Physics I Course Description


Instructor:  Deb Jensen

Office:  A101 free periods A, B; Academic Support period G


Phone:  650-330-2001 ext 2272




What is physics?  Physics is perhaps the most basic of the living and nonliving sciences.  It’s about the nature of basic things such as motion, forces, energy, matter, heat, sound, light, and the insides of atoms. 


All other sciences are built on knowledge of physics.  We can understand science in general much better if we understand physics first; for that reason, at Menlo physics is the first science class offered, taken by freshmen.


You will learn about the world of physics - the world around you - by studying from your lecture notes, text, and handouts; by performing hands-on laboratory investigations that enable you to learn by your own curiosity and sometimes by your own design; and by conducting research and projects to help further your knowledge.


Class Conduct

 You are expected to conduct yourself in class and in other Physics I work in a manner which shows your respect for the right of each of your classmates to learn without interference.  In addition, I do not allow food, drink (except water) , gum, or hats inside the classroom.






You are expected to be in your seat and ready for the day’s lesson at the time designated for the class to start.  You are also expected to arrange with the teacher to make up all work missed during an absence, in advance if the absence is planned.  Any work missed due to an unexcused absence will receive zero credit. Please note that an absence on a “review day” before a test does not excuse one from taking the test at the scheduled time.  Tests may be postponed only due to emergencies or extreme illness and must be arranged prior to test day.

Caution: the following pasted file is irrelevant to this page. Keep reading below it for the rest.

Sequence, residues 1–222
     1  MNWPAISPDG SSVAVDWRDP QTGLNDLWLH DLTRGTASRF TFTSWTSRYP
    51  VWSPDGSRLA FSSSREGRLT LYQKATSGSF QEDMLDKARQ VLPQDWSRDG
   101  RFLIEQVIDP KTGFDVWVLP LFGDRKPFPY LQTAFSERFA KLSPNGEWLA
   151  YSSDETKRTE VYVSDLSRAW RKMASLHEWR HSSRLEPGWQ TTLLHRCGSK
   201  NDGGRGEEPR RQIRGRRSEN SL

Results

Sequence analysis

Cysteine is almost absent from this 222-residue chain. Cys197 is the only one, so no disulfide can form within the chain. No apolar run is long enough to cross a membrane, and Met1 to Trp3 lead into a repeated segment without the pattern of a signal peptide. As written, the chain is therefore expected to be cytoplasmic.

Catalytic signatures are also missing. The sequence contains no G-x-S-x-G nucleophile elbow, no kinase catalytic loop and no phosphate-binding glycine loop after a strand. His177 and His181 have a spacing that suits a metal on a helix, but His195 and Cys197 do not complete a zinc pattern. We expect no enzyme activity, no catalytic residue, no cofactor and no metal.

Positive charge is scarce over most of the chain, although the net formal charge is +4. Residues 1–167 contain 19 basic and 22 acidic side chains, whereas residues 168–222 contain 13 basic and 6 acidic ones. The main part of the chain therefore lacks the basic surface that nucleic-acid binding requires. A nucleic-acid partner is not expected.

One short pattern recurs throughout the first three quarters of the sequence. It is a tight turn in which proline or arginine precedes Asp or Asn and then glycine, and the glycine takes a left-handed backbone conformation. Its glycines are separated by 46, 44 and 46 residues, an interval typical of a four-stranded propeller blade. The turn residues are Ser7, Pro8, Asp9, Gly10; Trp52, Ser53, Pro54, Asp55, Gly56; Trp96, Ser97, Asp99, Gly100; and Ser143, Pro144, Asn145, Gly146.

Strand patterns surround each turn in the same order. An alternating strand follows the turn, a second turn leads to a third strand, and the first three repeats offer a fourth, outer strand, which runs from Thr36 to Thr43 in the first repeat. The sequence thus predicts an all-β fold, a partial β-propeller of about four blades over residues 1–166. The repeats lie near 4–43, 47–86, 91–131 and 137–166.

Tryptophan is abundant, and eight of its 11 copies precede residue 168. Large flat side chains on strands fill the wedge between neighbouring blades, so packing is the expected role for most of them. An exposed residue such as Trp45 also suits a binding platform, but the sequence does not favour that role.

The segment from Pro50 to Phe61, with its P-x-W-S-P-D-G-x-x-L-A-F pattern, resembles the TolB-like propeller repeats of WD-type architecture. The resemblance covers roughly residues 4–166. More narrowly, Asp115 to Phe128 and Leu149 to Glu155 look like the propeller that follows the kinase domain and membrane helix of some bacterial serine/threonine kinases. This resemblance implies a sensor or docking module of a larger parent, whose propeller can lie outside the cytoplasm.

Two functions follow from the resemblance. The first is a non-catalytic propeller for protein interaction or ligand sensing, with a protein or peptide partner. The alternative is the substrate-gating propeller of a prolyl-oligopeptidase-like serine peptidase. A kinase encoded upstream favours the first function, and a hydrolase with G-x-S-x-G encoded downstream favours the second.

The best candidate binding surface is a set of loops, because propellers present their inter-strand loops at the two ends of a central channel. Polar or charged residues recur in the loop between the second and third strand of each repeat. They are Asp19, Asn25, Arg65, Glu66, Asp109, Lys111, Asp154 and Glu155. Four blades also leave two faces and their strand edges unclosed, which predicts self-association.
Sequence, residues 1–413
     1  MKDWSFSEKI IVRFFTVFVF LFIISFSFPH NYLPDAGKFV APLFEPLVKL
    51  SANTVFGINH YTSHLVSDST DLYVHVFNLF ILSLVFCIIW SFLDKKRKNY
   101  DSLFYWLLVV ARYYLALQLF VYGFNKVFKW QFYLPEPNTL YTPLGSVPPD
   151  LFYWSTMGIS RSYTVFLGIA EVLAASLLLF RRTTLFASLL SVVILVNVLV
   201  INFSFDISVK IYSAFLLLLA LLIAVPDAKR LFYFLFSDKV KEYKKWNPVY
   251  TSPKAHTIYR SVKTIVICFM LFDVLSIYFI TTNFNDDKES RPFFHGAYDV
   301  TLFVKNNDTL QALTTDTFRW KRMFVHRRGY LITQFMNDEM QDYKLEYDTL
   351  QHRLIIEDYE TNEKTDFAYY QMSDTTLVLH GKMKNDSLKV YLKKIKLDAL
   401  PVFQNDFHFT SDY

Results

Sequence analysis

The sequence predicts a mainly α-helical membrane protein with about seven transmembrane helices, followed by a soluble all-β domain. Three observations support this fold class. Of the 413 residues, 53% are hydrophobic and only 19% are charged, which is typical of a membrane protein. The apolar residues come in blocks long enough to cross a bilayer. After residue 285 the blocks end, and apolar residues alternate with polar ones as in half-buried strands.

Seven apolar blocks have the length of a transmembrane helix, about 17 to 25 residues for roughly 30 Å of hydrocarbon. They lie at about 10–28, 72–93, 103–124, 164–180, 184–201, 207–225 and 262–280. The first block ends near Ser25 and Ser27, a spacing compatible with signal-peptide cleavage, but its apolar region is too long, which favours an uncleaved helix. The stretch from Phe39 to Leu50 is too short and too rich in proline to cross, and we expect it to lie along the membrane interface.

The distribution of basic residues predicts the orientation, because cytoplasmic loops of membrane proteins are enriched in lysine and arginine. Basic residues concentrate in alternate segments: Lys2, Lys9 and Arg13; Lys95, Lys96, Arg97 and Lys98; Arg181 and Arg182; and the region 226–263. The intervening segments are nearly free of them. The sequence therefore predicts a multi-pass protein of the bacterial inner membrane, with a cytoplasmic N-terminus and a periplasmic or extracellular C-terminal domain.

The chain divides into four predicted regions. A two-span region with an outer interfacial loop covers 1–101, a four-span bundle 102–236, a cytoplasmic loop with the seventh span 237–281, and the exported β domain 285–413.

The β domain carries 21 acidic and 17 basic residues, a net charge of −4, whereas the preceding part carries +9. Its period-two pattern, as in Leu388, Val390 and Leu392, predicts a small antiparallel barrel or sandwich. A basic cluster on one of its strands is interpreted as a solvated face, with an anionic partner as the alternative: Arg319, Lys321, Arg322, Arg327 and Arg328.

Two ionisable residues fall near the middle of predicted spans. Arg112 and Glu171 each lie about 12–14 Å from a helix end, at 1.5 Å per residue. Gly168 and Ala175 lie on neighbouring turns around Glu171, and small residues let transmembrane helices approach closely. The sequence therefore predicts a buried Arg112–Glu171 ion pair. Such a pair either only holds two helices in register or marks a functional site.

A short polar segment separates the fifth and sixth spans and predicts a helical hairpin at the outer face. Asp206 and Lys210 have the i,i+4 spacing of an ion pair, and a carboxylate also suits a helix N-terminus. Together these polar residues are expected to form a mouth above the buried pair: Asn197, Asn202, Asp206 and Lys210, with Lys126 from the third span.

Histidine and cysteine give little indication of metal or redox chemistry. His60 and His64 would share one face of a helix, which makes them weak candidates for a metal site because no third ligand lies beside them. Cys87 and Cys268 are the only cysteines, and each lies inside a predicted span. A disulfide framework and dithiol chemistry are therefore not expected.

Your class grade will be based approximately on the following:  Tests 50%, Homework/homework quizzes 20%, Labs 20%, Projects 10%.  Semester grades are approximately 40-45% each quarter and 10-20% final exam.



Text:  Kinetic Books Conceptual Physics (CD-rom or online version) and Dann and Dann, People’s Physics Book.   Calculator:  trig functions and scientific notation capability.  NO PHONES.   Binder:  please use a three-ring binder to file labs, quizzes, handouts and tests to keep at home.


Homework:  Homework will be given most nights, and is to be completed in your People’s Physics Book.  You are expected to complete your homework before coming to class.  This book will be collected and graded periodically, usually on test days.  You can also expect frequent open-book “homework quizzes” to check your progress.


Labs:  You will be doing two types of lab activities.  “Mini-labs” are completed on handouts and turned in either at the end of class or at the next class meeting.  These should be filed in your binder after they’re graded.  Major labs will require your keeping data in your class notebook and then turning in a formal lab report; you can expect one of these every few weeks. 


Tests:  Tests will generally occur every two weeks; calculators may be used but not shared.